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Widen Your World!

Today’s riveting historical find that has me agog is this amazing video, taken in 1988, of the rarely documented attraction if you could fly. This short-lived ride was a re-named version of the fan classic if you had wings, necessitated when Eastern Airlines dropped their sponsorship of that original attraction. The changes were superficial and quick; If You Had Wings closed on June 1, 1987, only to open five days later as If You Could Fly. All references to Eastern Airlines had been stripped out, including Eastern-specific logotypes, and, unfortunately, the original attraction’s catchy and iconic theme song went as well.

What makes this video particularly special is that there’s scant good video documentation of If You Had Wings as it is, and film of If You Could Fly is exceedingly rare. In fact, this is the first time I’ve ever seen any online. For the time, and considering it’s a dark ride, the quality of the video is excellent.

If You Could Fly remained open until January 4, 1989. It’s show building – and ride vehicles and track – were later used for Dreamflight, which was sponsored by Delta Airlines. Delta had replaced the defunct Eastern Airlines as the official airline of Walt Disney World. After Delta dropped their sponsorship in 1996, Dreamflight became Take Flight for two years until it was closed again to become Buzz Lightyear’s Space Ranger Spin. But the next time you’re riding past the day-glo plywood and zapping Emperor Zurg, realize that you’re traveling on the exact same path that these fine inhabitants of the 1980s took to visit Cancun and olde San Juan.

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7 comments to Widen Your World!

  • Many great memories of riding this.

    I had the fortune to ride every single version: If You Had Wings, If You Could Fly, Delta Dreamflight, Take Flight and Buzz Lightyear’s Space Ranger Spin.

    However, none of them held a candle to my all time favorite Adventure Thru Inner Space from Disneyland. lol

  • Tim

    Awesome find!

    Any thoughts on where the music came from? The theme song to If You Could Fly would have to be one of the more obscure pieces of WDW music. Does it even have a known title?

  • You can draw an evolutionary line from this to Gran Fiesta Tour and Soarin’.

  • John Winn

    Glad you like it! I’m the one who shot this and uploaded it on YouTube recently when I realized there was no other ridethrough out there. My friend and I are making snide comments about the ride’s popularity at the start, but I wish I could ride it again!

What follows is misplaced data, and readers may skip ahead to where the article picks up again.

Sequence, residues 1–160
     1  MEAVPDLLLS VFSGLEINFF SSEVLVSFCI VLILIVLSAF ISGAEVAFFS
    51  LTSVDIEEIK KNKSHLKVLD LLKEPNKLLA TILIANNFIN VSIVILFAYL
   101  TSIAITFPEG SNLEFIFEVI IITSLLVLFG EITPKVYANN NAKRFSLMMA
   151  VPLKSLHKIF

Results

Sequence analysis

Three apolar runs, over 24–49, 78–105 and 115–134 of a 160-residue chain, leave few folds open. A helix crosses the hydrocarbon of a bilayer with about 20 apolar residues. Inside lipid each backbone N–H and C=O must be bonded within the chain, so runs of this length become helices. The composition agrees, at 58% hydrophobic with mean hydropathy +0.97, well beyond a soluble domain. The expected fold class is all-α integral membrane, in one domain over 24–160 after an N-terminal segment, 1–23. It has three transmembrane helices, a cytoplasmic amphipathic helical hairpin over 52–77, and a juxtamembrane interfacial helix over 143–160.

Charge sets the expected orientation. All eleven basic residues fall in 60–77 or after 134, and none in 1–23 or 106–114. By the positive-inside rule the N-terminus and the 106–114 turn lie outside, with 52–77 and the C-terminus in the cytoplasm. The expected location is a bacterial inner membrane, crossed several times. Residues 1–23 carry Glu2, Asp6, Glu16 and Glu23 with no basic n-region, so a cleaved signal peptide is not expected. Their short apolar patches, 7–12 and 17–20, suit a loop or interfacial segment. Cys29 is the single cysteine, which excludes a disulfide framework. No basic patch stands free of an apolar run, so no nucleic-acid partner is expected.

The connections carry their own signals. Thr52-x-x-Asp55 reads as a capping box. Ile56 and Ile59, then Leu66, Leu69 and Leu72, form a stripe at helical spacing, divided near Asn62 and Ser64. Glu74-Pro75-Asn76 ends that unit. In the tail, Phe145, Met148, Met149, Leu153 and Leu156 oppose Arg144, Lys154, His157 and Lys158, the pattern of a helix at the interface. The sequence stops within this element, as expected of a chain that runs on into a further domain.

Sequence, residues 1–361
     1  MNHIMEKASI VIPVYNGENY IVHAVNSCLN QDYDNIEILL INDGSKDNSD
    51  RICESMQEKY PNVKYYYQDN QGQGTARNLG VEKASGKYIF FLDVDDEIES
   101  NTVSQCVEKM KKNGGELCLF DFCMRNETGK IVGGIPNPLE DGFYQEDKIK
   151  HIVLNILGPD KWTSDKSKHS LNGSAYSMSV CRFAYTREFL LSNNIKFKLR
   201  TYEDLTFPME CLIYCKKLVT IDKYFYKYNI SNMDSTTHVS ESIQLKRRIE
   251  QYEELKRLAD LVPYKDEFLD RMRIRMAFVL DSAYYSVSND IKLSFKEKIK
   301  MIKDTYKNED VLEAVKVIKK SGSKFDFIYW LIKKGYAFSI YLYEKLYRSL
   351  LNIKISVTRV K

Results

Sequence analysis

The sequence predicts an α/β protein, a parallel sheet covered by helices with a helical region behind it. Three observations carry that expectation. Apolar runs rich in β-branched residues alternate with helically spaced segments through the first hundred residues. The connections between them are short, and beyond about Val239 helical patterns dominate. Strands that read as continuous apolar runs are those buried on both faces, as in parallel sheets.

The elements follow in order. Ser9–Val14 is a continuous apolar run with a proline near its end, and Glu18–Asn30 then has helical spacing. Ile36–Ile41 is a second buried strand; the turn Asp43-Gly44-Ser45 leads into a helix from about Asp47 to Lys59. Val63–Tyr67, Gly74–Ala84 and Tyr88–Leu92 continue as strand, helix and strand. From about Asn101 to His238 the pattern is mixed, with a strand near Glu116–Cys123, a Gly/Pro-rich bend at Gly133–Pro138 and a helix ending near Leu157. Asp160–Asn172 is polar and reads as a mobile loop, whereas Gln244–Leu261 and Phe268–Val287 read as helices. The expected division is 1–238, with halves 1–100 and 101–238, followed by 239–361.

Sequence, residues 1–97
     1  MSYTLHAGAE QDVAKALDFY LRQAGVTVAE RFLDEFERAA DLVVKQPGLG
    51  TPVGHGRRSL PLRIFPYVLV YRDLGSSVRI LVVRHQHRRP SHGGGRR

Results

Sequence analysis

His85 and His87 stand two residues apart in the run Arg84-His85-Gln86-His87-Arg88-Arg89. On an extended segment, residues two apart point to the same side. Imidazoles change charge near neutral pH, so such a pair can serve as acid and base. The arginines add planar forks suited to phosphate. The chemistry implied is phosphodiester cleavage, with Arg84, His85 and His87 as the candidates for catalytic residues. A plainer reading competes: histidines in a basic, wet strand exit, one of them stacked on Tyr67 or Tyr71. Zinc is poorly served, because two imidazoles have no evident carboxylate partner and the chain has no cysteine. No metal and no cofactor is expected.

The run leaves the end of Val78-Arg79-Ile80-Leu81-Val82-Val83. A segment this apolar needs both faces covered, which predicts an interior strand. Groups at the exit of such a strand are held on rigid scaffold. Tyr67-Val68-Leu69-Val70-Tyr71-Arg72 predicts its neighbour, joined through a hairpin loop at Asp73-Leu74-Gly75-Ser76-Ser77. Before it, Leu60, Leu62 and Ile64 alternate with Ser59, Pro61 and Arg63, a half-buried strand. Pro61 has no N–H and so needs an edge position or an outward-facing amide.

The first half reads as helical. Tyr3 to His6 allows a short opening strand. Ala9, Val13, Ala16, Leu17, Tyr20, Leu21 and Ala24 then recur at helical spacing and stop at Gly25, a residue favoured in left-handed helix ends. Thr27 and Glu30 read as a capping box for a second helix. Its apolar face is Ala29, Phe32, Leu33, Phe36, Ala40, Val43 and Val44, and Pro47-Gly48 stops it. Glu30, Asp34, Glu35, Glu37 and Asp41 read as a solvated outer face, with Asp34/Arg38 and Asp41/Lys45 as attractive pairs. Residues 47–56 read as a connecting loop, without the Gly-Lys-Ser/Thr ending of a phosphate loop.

• Fantastic! Thanks for uploading! I was very excited to find this, as I had no real memory of this incarnation. And no worries about snide commentary; I have lots of similar videos with my brother haha…

    Scott: I know! I demand the return of Inner Space, as I was crushed that it closed before I could ride it.

    Tim: I know next to nothing about the song. I’ve never known it to turn up anywhere, and this was the first time I’ve heard it in… 20 years? Oy.

    Scott: Yeah, this was a direct predecessor to El Rio del Tiempo. Lots of similarities.

  • ericpaddon

    The video quality is excellent, though I have to admit whenever I see a video version of “If You Could Fly” I feel this need to kill the sound and then run a live audio of an “If You Had Wings” ridethrough synched to it because without the theme music, something just seems not right. Amazingly, I totally missed the ride in this incarnation because I had a three year gap in visits between early 1987 (when IYHW was still there) and February 1990 (when Dreamflight was already in place) so I just assumed the ride had changed from IYHW to Dreamflight with nothing in between.

  • ericpaddon

    This article may offer the explanation of why the song was changed.

    Assuming that Delta was in fact underwriting the costs of “If You Could Fly” right from the moment their contract status with Disney began in Summer 1987 (as the article suggests) it may have been their doing to insist that a song so associated in the public mind as the “Eastern Airlines” song be eliminated and a new one substituted for however long the old attraction would remain.

    The ten year length of the contract with Disney also ties into when “Dreamflight” would have had to become “Take Flight”.

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